The pope is not "abdicating."  That's an old feudal term that means renouncing a throne in favor of a known successor.  The pope is not a noble, and he has no known successor.  He is resigning.

    This is an example of journalistic and blogging laziness (and stupidity), where one term is put up first and everybody copies, because that's what they've read.

    Second, for what it's worth, it's been a lot longer than six centuries since a pope resigned.  That's another common mistake, which everybody repeats after an initial mistake in the reporting.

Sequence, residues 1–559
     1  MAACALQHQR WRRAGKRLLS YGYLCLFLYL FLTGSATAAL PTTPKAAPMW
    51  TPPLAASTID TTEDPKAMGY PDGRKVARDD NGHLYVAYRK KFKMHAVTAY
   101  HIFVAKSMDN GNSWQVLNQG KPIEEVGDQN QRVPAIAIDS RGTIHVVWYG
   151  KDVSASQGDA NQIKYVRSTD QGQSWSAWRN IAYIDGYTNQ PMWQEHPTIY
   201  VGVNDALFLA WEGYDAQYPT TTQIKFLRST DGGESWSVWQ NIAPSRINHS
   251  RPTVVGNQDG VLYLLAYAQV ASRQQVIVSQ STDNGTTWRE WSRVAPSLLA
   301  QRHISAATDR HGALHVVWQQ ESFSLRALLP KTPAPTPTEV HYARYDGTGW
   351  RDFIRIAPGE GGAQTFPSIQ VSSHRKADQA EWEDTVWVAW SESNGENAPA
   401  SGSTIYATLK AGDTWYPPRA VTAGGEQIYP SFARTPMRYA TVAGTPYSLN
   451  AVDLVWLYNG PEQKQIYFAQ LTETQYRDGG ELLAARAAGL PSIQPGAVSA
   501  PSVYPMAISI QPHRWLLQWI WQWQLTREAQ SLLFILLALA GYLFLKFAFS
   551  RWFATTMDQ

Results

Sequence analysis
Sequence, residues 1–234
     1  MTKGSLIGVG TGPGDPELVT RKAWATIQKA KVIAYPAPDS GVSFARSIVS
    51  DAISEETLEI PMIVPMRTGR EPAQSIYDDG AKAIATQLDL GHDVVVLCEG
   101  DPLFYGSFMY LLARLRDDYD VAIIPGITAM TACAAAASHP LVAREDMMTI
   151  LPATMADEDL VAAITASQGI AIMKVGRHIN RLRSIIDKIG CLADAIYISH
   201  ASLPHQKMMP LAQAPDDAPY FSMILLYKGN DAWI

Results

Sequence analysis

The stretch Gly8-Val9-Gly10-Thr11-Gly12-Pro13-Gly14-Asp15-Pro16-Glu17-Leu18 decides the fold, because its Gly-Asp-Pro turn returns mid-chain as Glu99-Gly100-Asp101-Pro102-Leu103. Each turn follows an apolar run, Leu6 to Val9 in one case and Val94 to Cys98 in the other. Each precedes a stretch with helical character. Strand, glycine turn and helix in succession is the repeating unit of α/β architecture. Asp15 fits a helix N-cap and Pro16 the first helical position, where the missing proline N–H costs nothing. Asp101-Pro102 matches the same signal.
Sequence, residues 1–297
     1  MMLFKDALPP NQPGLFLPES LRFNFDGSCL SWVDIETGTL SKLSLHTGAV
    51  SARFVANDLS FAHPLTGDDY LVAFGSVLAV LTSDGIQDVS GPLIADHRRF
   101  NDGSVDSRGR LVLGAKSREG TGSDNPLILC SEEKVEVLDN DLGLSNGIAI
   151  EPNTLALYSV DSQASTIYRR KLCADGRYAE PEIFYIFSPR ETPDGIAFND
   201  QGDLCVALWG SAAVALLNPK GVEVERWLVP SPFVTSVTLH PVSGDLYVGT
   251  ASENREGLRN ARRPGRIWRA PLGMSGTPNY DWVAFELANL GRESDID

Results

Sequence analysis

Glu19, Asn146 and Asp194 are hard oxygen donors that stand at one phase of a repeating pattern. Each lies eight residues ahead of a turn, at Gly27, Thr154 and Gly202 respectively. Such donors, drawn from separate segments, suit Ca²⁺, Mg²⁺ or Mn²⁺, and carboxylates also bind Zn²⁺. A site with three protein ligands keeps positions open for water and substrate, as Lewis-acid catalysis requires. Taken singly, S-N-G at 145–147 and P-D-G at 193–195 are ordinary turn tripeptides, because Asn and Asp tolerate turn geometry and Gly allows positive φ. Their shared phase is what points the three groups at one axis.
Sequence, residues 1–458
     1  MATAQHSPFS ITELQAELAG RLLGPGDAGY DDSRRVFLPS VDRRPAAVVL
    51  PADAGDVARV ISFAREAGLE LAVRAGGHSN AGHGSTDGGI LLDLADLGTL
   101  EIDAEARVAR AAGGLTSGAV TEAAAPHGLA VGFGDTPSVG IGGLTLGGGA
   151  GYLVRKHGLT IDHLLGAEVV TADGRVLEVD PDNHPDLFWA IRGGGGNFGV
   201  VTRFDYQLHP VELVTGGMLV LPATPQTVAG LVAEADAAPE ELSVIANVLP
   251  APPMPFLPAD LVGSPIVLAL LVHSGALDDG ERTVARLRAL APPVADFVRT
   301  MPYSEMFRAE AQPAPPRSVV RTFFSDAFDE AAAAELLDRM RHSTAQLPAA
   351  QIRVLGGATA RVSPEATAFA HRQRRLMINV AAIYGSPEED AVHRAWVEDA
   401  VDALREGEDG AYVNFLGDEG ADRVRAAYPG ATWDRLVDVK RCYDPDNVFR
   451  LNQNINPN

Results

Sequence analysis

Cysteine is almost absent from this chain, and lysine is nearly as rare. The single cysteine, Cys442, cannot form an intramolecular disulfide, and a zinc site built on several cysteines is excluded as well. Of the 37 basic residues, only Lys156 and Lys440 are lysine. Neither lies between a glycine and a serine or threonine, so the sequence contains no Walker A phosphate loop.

The post says:

    But the Church does not, as a rule, use its wealth to fight poverty in the public policy sphere. For that, it limits itself to a charitable role only. So it appears one area of Church doctrine, personal behavior is worth fighting for in the public arena. But the other area of Church doctrine, which lends itself to a social democratic view of dividing the spoils of civilization, gets almost no political support.
    I have no idea what that means.  I started to criticize, and then realized I just don't understand what the poster is trying to say.  The Catholic Church gives more money to charity BY FAR than any other organization--how is that not fighting poverty?  Every Mass the faithful are exhorted to give to the poor, and I also do, generously.